Apple supplier Luxshare reportedly win contract to produce iPhones
The share price of Luxshare Precision, a Chinese manufacturing company for Apple, has rose more than 3%, after reports of a successful bid to produce the new iPhone 14. The company has been an Apple supplier since 2011 and are one of many suppliers Apple has in China, however they played a far less significant role in Apple’s supply chain when compared to Foxconn.
The reason for Apple increasing Luxshare’s role in their supply chain, is due to a fall in production at Foxconn’s Zhengzhou factory. This follows protests over China’s stringent Covid measures that started in November, days after the global release of the new iPhone 14. Workers were forced to live on-site in cramped conditions, as movement was restricted around the city. This led to many staff quitting and being replaced by seasonal staff; however disputes about pay along with living in inadequate conditions, led to protests starting. Unfortunately gathering in large crowds to protest were against the new Covid regulations, so police intervened and violent clashes occurred.
At the time Luxshare were producing small amounts of the iPhone 14 Pro Max to make up for Foxconn’s lost of production. Overall I see Luxshare adapting quickly to meet the demands set by Apple as they were already producing the new iPhone.
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New German law now demands strict ESG auditing in supply chains
Germany’s new Supply Chain Act (Lieferkettengesetz) means German companies now face fines of up to 2% of their global turnover if they cannot demonstrate environmental, social and corporate governance (ESG) transparency in their supply chain.
The new act now forces businesses to do due diligence on every aspect of ESG within their supply chain. The aspects ranges from human rights violations to compliance with environmental standards. Initially the law will apply to firms with a registered office in Germany that have more than 3,000 employees. By 2024, it will extend to companies with more than 1,000 employees. Although this is a domestic law, it may have international significance, as Germany is one of the best performing economies in the EU, this move may influence other EU nations to follow suit.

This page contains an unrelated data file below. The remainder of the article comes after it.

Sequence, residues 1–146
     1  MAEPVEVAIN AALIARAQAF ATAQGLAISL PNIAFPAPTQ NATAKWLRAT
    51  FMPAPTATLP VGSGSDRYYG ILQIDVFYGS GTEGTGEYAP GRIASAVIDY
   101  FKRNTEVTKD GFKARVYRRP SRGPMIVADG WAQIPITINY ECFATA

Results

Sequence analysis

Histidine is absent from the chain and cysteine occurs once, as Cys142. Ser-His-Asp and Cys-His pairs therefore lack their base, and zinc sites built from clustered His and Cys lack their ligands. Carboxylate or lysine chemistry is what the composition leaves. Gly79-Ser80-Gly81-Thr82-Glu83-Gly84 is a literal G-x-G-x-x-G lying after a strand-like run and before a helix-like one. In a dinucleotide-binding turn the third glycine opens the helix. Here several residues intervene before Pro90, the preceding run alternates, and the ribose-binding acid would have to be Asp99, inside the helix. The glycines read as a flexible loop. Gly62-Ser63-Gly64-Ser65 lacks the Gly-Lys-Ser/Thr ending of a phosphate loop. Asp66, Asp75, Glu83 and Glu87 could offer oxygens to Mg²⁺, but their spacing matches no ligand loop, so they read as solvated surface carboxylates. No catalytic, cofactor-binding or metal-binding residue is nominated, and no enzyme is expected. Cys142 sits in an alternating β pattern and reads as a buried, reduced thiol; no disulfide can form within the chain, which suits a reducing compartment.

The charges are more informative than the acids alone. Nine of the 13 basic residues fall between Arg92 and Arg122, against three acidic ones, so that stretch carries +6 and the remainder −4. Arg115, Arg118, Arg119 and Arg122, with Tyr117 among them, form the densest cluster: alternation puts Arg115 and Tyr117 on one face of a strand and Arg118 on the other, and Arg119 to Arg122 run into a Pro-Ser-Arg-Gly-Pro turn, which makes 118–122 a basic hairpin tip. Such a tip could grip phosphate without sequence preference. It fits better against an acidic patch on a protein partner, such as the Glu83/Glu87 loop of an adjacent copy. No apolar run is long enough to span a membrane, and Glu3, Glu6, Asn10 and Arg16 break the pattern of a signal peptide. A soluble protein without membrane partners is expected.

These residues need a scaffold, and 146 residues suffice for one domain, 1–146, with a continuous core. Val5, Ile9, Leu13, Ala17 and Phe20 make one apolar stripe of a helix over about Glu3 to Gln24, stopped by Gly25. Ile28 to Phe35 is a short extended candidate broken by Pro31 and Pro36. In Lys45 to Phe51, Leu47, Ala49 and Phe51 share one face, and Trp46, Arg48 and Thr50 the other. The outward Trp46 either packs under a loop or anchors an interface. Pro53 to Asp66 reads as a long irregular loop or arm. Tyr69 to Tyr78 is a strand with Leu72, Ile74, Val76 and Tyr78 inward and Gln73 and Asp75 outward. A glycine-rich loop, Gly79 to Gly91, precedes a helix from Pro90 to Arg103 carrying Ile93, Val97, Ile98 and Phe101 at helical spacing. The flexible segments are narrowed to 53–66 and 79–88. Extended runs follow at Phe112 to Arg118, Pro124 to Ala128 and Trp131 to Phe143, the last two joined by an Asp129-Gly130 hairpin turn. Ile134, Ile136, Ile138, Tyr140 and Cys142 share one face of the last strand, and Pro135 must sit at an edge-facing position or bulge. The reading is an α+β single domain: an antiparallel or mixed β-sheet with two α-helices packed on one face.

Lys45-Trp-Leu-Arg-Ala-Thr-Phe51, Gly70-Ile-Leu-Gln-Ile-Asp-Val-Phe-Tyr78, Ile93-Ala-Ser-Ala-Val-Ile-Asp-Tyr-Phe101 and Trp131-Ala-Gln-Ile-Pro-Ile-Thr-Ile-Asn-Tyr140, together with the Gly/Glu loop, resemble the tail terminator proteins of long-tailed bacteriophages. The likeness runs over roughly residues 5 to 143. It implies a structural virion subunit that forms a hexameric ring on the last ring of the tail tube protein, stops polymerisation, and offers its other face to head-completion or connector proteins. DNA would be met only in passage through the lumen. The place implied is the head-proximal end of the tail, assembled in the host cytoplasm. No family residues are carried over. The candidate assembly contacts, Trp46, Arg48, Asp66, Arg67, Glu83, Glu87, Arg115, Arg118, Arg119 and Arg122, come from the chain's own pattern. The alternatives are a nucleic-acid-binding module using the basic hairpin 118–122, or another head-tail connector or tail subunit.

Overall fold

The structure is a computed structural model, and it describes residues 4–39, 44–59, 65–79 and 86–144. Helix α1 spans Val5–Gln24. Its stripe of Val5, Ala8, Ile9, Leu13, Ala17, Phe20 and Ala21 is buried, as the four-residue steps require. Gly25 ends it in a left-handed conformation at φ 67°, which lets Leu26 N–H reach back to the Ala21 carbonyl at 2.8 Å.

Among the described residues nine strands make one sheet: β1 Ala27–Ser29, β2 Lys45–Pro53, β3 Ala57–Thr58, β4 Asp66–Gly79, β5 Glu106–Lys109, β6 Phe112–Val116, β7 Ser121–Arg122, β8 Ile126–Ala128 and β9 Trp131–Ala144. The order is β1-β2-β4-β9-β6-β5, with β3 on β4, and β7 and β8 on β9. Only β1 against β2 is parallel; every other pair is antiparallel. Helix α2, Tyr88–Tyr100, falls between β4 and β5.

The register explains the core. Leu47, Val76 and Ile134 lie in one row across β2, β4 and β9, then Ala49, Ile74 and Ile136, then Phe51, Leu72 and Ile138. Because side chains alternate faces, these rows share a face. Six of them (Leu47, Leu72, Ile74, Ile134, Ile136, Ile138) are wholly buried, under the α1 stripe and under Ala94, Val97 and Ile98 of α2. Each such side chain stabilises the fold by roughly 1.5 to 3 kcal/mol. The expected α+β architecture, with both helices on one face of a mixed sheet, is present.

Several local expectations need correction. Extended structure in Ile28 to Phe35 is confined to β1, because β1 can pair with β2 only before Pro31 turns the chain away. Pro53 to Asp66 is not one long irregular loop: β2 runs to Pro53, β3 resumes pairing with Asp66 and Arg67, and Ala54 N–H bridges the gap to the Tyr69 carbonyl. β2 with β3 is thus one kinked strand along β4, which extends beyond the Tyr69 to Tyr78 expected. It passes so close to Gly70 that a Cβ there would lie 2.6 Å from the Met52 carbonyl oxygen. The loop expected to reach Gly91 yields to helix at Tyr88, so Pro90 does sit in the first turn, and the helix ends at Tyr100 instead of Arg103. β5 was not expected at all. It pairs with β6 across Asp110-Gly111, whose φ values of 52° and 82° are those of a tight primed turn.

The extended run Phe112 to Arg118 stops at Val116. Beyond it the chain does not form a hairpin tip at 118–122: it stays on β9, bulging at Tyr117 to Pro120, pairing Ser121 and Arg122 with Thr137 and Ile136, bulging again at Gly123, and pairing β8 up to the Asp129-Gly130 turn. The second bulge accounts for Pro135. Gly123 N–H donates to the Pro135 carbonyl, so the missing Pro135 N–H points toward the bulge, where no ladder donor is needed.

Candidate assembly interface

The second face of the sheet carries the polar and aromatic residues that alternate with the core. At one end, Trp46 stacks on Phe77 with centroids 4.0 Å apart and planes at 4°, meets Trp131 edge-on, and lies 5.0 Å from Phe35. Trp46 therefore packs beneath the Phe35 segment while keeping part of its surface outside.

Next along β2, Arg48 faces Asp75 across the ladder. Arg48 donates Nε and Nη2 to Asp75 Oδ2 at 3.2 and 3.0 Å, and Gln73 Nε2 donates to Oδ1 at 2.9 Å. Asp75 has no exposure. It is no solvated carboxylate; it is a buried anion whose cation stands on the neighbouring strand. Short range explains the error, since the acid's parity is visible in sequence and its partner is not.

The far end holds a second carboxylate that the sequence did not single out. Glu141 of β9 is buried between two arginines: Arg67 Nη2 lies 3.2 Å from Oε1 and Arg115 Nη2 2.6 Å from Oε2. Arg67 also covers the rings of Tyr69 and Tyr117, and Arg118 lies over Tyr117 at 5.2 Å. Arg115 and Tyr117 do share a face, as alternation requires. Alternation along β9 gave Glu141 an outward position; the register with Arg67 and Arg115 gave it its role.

Another aspect is that firms who supply large German companies in any sector will also have to abide by this law. So not only will business practices in Germany will change for the good but also international suppliers that may be based in countries with little to no laws concerning ESG will have to adapt quickly.
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Microsoft to invest in autonomous trucking startup Gatik
The technology behemoth, Microsoft is in talks to invest over $10 million in the startup Gatik. This is to further increase their portfolio and presence in the self-driving AI market, as of last year Microsoft also invested in Cruise, another self-driving car company which focuses on robotaxis.
The deal with Gratik will also be a partnership, as Gatik will use Microsoft’s cloud and edge computing platform Azure in developing autonomous delivery technology for trucks. The self-driving delivery market is a new one in the logistics industry, as the biggest success so far is the incorporation of drones to cover the last mile of deliveries. On the other hand, autonomous driving vehicles have faced setbacks due to regulatory concerns on safety and less access to funding due to the risks of the technology.
This negative stance was further emphasized as in November, Ford and Volkswagen shut down their self-driving technology unit Argo, saying creating self-driving robotaxis will be “harder than putting a man on the moon.” The trails and tribulations faced by businesses in a new field is not uncommon and this market is young, when further funding is made into these technological firms, better results shall come with time.
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